The one question every single person has been nagging me about from the moment I said “I do”.
People often ask me: “What’s different about being married?”
My answer is: “You are on baby watch from the time you walk down the aisle.”
The pregnant question is something I have in common with actress Zooey Deschanel. On the issue of constant speculation about the bun in her oven, Zooey, 34, told InStyle magazine’s August edition, “Like every woman is dying to give birth! I don’t think so. Nobody asks guys that. This brings out the fiery feminist in me.”
Besides feminism, if you ask me, it is just plain rude.
A few examples of how the baby-pressure affects my life:
– For the past 851 days I have drunk more alcohol at dinners/lunches/events than I did as a single woman. Because if I don’t drink alcohol, I’m obviously pregnant.
– And if I ever offer to be the designated driver, then my friends start speculating why I want to drive. Forget that I am a nice friend, I am clearly pregnant.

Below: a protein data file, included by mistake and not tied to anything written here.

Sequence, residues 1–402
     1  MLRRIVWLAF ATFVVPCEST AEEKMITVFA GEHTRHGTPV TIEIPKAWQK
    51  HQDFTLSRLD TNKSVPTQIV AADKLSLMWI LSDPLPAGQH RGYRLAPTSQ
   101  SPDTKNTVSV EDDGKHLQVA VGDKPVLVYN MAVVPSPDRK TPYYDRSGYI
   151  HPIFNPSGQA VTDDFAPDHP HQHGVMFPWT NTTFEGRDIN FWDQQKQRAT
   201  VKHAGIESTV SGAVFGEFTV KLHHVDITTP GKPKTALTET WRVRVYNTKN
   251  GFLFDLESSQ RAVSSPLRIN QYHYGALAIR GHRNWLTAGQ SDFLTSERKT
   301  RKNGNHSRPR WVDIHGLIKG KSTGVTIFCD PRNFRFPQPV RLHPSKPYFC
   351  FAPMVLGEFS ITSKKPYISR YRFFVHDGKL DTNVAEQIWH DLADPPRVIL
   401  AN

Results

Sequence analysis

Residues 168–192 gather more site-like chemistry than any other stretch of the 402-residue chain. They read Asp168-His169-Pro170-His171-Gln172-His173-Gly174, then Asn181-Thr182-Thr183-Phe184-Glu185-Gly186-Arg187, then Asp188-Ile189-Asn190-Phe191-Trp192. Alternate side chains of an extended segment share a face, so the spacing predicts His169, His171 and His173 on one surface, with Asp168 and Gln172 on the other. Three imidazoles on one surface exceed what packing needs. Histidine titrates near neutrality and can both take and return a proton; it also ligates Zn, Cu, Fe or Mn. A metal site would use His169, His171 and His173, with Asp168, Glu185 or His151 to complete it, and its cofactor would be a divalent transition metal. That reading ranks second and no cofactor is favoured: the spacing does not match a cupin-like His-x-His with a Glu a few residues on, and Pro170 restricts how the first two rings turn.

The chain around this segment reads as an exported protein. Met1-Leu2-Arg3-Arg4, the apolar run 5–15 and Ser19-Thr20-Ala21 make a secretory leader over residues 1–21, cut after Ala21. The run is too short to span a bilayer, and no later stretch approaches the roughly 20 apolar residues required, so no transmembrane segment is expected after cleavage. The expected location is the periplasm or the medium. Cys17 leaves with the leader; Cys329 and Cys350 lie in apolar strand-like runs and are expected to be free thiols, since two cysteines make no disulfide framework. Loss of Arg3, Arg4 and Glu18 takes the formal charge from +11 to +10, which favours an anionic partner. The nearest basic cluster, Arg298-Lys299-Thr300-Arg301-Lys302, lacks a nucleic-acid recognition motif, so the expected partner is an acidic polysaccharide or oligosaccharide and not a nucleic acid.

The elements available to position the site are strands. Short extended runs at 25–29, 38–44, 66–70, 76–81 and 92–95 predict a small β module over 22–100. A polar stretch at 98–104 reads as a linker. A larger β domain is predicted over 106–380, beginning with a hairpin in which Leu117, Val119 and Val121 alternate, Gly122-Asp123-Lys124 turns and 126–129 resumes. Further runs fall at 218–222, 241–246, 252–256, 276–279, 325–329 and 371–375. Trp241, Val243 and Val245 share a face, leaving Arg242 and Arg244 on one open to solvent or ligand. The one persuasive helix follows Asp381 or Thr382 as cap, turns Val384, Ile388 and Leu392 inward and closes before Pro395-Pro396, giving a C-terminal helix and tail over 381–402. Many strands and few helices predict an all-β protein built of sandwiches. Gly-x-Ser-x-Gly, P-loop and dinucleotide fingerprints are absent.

– Then there is the lack of sympathy for when I get food poisoning. Because throwing up can only mean I have morning sickness and trying to cover my pregnancy up.
– Or I can only be hiding a pregnant belly by wearing a baggy top. I’m not just trying to be do slouchy-chic.
– When the power went out in my house and I posted to my Facebook page what were my husband and I going to do without TV – a friend said the only thing would be baby making.
Or when my husband and I booked a romantic holiday my family said there was only two possible reasons why. To spend the week trying to get pregnant. Or, it was our babymoon. There is absolutely no way we just wanted to escape and lie on a beach drinking cocktails (I made sure to post several of those cocktails as evidence I was not pregnant, or trying).
Now, I am not upset with my friends and family. I know they are just incredibly excited about me and my husband taking this next step in our lives.
But I also don't appreciate the pressure.